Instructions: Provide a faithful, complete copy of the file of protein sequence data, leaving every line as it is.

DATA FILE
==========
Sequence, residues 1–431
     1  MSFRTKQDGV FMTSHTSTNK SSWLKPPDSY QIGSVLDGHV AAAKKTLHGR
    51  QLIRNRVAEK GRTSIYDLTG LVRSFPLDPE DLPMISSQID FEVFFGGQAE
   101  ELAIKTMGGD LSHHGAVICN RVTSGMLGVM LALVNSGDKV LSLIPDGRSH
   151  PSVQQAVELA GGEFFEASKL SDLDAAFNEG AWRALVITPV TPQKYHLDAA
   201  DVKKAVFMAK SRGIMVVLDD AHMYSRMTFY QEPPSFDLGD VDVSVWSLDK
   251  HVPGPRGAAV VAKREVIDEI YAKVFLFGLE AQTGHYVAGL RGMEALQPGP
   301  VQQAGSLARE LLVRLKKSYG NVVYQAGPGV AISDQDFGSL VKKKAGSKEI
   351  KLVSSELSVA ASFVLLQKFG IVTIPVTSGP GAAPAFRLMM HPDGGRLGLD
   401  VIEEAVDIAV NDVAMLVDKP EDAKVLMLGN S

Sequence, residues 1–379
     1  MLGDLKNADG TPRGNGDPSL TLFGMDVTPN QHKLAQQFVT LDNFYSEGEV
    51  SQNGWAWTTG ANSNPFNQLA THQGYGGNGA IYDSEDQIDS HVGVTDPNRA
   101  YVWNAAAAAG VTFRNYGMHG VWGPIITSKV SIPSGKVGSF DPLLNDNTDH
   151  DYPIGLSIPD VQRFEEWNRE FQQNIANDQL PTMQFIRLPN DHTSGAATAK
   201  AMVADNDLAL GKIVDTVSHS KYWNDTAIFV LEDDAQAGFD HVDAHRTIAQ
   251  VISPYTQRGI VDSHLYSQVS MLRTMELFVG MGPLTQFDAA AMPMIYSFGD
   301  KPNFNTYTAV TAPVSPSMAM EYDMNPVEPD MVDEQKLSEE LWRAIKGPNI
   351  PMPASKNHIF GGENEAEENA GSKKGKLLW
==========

Sequence, residues 1–431
     1  MSFRTKQDGV FMTSHTSTNK SSWLKPPDSY QIGSVLDGHV AAAKKTLHGR
    51  QLIRNRVAEK GRTSIYDLTG LVRSFPLDPE DLPMISSQID FEVFFGGQAE
   101  ELAIKTMGGD LSHHGAVICN RVTSGMLGVM LALVNSGDKV LSLIPDGRSH
   151  PSVQQAVELA GGEFFEASKL SDLDAAFNEG AWRALVITPV TPQKYHLDAA
   201  DVKKAVFMAK SRGIMVVLDD AHMYSRMTFY QEPPSFDLGD VDVSVWSLDK
   251  HVPGPRGAAV VAKREVIDEI YAKVFLFGLE AQTGHYVAGL RGMEALQPGP
   301  VQQAGSLARE LLVRLKKSYG NVVYQAGPGV AISDQDFGSL VKKKAGSKEI
   351  KLVSSELSVA ASFVLLQKFG IVTIPVTSGP GAAPAFRLMM HPDGGRLGLD
   401  VIEEAVDIAV NDVAMLVDKP EDAKVLMLGN S

Sequence, residues 1–379
     1  MLGDLKNADG TPRGNGDPSL TLFGMDVTPN QHKLAQQFVT LDNFYSEGEV
    51  SQNGWAWTTG ANSNPFNQLA THQGYGGNGA IYDSEDQIDS HVGVTDPNRA
   101  YVWNAAAAAG VTFRNYGMHG VWGPIITSKV SIPSGKVGSF DPLLNDNTDH
   151  DYPIGLSIPD VQRFEEWNRE FQQNIANDQL PTMQFIRLPN DHTSGAATAK
   201  AMVADNDLAL GKIVDTVSHS KYWNDTAIFV LEDDAQAGFD HVDAHRTIAQ
   251  VISPYTQRGI VDSHLYSQVS MLRTMELFVG MGPLTQFDAA AMPMIYSFGD
   301  KPNFNTYTAV TAPVSPSMAM EYDMNPVEPD MVDEQKLSEE LWRAIKGPNI
   351  PMPASKNHIF GGENEAEENA GSKKGKLLW